Continued from (17)
2. On Discovering the Will of God
Our life with the Elder had the character of childhood rather than a mature state. Our effort, in basic terms, was directed towards the monastic tradition, and we exerted ourselves as forcibly as possible in the obligations of our rule. What we lacked, essentially, was the discernment of an experience in discrimination so as to evaluate the situation, so that the spiritual scope of the Elder did not elude us in its depth and breadth and height. But is it perhaps usual and inevitable for disciples to discover their teacher ‘when he is taken from them’? (cf. Lk 24:31). Untiringly, the Elder made a constant effort to pass on to us everything that is spiritual and he did not fail in his aim, because ‘the wise man has his eyes in his head’ (Eccl. 2:14). It is true, however, that ‘for everything there is a season, and a time for every matter’ (Eccl. 3:1).
At a mature age, when the Elder was no longer with us, we understood the depth of his words and his actions even down to the details, whereas while he lived they seemed, to our inexperience, riddles that made no sense. We put all our meagre powers into our effort to be obedient and not to grieve the Elder. But we had virtually no comprehension of the meaning and main aim of the spiritual law which the Elder passed on to us with such fervour. I will not go into biographical details again, but I want to comment a little on the aforementioned subject of the spiritual law, which is what chiefly governs human beings.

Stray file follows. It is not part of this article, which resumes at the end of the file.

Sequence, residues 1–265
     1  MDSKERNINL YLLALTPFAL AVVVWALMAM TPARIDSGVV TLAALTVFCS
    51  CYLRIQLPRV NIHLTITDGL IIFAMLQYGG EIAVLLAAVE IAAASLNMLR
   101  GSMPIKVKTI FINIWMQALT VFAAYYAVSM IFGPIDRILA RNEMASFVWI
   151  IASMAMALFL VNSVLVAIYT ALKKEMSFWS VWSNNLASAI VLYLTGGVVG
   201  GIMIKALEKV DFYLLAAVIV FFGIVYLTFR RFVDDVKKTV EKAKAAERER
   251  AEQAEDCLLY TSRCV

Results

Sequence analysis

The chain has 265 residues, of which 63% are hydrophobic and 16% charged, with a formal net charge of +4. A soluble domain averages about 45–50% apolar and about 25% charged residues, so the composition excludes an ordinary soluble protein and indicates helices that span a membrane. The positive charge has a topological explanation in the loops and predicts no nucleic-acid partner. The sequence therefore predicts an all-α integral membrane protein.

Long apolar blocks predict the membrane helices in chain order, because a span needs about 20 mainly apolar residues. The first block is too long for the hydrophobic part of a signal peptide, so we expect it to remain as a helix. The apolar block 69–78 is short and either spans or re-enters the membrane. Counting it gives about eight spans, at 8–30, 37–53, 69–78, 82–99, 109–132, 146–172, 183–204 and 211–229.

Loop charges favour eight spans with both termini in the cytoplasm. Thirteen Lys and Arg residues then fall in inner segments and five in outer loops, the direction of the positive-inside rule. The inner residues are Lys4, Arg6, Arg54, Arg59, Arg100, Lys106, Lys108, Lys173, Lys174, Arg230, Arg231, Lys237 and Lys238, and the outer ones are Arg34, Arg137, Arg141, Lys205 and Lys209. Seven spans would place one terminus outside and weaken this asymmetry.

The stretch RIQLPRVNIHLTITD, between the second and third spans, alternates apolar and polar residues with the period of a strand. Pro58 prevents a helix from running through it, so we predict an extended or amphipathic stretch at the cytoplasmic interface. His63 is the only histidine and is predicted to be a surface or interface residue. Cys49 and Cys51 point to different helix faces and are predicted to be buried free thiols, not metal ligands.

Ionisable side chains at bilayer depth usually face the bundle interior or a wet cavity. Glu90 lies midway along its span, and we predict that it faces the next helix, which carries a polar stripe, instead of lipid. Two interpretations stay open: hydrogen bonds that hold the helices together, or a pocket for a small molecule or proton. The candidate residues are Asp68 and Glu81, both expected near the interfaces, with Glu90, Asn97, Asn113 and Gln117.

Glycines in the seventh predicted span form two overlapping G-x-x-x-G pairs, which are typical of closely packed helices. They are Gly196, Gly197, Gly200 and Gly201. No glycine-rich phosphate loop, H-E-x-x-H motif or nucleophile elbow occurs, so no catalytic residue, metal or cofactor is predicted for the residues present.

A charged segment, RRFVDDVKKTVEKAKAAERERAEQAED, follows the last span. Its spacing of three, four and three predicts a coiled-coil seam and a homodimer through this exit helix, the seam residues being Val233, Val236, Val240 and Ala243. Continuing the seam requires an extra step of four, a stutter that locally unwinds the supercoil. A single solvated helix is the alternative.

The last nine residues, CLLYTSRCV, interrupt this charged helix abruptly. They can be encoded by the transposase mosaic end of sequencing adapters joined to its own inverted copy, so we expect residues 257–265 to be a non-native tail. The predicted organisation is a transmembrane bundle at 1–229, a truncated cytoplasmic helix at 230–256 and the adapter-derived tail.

We observed that the Elder never embarked on anything without first praying. We would ask him about something in the future or for the next day, and his reply was that he would tell us tomorrow. The object was so that he could pray first.
Our desire focussed on knowledge of the divine will: how should one recognise the divine will? He would say, ‘Are you asking about this, boys, when it is the most basic thing?’ We would encourage him with increased curiosity, ‘But, Elder, isn’t God’s will known in general terms through the Scriptures and the whole of divine revelation? Since everything in our life is regulated – what other question should we monks have?’ And the Elder replied, ‘May God give you “understanding in everything” (2 Tim. 2:7). St Nilus the Calabrian prayed that he might be granted “to think and speak according to
the divine will.”
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